starts down, boot-skiing a gully. A few blades of green grass sprout neon around him, piercing
juniper--tagged snow clods.
In the later winter, there's just a beginning surge of water down in the deeps; the ice
is off the river edges. Up high, the mountains still wear their ragged mantles of snow. Lolo
smears through mud and hits a channel of scree, sliding and scattering rocks.
His jugs of tamarisk poison gurgle and slosh on his back. His shovel and rockbar snag on
occasional junipers as he skids by. It'll be a long hike out. But then, that's what
makes this patch so perfect. It's a long way down, and the riverbanks are largely hidden.
It's a living; where other people have dried out and blown away, he has remained: a tamarisk
hunter, a water tick, a stubborn bit of weed. Everyone else has blown off the land as surely
as dandelion seeds, set free to fly south or east.
Or most of all north to where watersheds sometimes still run deep and where even if there's no
more lush ferns or deep fish--deep cold fish runs, at least there's still water for people.
Eventually, Lolo reaches the canyon bottom. Down in the cold shadows, his breath steams.
He pulls out a digital camera and starts shooting his proof. The Bureau of Reclamation has gotten
uptight about proof. They want different angles on the offending tamarisk, they want each
one photographed before and after, the whole press--process documented, GPS'd and uploaded
directly by the camera. And they want it done on-site. And then they still sometimes come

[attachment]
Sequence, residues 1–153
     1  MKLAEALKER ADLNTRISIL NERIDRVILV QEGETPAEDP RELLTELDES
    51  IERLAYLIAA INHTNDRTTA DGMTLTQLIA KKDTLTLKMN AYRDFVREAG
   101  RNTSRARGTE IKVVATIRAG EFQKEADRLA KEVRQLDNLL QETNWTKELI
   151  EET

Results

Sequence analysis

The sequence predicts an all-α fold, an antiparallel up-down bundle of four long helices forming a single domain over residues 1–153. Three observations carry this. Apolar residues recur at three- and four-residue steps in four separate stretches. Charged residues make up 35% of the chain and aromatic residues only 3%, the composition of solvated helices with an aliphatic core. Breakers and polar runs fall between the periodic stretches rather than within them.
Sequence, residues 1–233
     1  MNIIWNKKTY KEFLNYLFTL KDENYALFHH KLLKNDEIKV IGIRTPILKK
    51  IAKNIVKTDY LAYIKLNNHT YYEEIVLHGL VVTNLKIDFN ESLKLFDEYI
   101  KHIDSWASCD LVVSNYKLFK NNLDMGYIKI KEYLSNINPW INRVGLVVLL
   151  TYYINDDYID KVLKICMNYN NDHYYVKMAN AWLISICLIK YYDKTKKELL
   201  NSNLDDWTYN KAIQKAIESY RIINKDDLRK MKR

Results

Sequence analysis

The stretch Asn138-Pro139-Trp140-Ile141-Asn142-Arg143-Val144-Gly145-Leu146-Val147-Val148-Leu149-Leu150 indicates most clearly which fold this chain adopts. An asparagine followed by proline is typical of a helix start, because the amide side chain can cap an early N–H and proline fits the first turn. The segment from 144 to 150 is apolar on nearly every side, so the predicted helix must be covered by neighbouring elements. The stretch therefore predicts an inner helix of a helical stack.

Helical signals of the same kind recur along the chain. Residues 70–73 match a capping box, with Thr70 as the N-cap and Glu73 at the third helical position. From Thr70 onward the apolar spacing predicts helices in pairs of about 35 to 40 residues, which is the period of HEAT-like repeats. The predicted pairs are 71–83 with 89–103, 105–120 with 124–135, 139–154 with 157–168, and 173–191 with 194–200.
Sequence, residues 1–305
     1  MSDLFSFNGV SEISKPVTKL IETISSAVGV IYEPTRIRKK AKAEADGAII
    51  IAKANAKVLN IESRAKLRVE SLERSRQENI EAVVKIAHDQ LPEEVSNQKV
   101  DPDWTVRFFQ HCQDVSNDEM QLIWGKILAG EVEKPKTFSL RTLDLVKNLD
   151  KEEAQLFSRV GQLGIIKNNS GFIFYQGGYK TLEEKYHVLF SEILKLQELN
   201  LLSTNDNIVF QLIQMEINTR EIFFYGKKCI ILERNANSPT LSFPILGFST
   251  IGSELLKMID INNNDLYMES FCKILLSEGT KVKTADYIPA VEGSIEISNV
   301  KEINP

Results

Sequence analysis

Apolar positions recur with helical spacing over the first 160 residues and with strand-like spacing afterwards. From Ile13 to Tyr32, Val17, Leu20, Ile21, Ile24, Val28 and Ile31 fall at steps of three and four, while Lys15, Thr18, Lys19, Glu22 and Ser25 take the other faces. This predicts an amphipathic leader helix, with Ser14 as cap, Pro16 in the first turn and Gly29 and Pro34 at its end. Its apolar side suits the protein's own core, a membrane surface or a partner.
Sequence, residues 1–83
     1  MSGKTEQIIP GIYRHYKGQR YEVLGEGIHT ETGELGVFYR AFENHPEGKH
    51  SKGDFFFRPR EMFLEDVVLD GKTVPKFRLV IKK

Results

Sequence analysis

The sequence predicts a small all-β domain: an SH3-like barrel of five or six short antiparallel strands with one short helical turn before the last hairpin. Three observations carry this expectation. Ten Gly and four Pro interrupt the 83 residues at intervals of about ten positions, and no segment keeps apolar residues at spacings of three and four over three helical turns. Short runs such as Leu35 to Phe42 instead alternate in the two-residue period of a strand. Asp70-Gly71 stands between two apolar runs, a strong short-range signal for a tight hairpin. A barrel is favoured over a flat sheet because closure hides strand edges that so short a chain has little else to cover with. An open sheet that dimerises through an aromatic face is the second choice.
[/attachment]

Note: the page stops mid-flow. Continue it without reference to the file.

out to spot check before they calibrate his headgate for water bounty.
But all their due diligence can't protect them from the likes of Lolo. Lolo has found
the secret to eternal life as a tamarisk hunter. Unknown to the Interior Department and its
BuRec subsidiary, he's been seeding new patches of tamarisk, encouraging visher--vigorous
brushy groves in previously cleared areas.
He has hauled and planted healthy root balls up and down the river system in strategically
hidden and inaccessible corridors, all in a bid for security against the swarms of other
tamarisk hunters that scour these same tributaries. Lolo is crafty. Stands like this one, a quarter-mile
long and thick with salt-laden tamarisk are his insurance policy.
[Music plays]
Documentation finished, he unshafts a folding saw [laughs], along with his rockbar and shovel,
and sets his poison jugs on the dead salt bank. He starts cutting, slicing into the
roots of the tamarisk, pausing every thirty seconds to spread Garlon 4 on the cuts, poisoning
the tamarisk wounds faster than they can heal. But some of the best tamarisk, the most vigorous,
he uproots and sets aside for later use.
$2.88 a day, plus water bounty.
It takes Maggie's b--rolling bleating camel stride a week to make it back to Lolo's homestead.
They follow the river, occasionally climbing above it onto cold mesas or wandering off
into the open desert in a bid to avoid the skeleton sprawl of emptied towns.
Guardie choppers buzz up and down the river like swarms of angry yellowjackets, hunting
for porto-pumpers and wildcat diversions. They rush overhead in a wash of beaten air
and gleaming National Guard logos.
Lolo remembers a time when the guardies traded potshots with people down on the riverbanks,
tracer-fire and machine-gun chatter echoing in the canyons. He remembers the glorious
hiss and arc of a Stinger missile as it flashed across redrock desert and blue sky and burned
a chopper where it hovered.
But that's long in the past. Now, guardie patrols skim up the river unmolested. Lolo
tops another mesa and stares down at the familiar landscape of an eviscerated town, its curving
streets and subdivision cul-de-sacs all sitting silent in the sun.
At the very edge of the empty town, one-acre ranchettes and snazzy five-thousand-square-foot
houses with dead-stick trees and dust-hill landscaping fringe a brown tumbleweed golf
course. The sandtraps don't even show anymore.
When California put its first calls on the river, no one really worried. A couple towns
went begging for water. Some idiot newcomers with bad water rights stopped grazing their